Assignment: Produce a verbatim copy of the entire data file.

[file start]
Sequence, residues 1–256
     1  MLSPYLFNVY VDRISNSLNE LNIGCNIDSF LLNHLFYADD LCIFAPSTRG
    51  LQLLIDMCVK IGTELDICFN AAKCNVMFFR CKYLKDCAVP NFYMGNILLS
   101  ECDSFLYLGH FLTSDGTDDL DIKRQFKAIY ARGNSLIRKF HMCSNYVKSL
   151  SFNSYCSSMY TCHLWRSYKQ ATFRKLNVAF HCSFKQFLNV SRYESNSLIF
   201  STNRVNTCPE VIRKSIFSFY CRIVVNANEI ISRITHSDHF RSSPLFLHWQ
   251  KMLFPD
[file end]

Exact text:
Sequence, residues 1–256
     1  MLSPYLFNVY VDRISNSLNE LNIGCNIDSF LLNHLFYADD LCIFAPSTRG
    51  LQLLIDMCVK IGTELDICFN AAKCNVMFFR CKYLKDCAVP NFYMGNILLS
   101  ECDSFLYLGH FLTSDGTDDL DIKRQFKAIY ARGNSLIRKF HMCSNYVKSL
   151  SFNSYCSSMY TCHLWRSYKQ ATFRKLNVAF HCSFKQFLNV SRYESNSLIF
   201  STNRVNTCPE VIRKSIFSFY CRIVVNANEI ISRITHSDHF RSSPLFLHWQ
   251  KMLFPD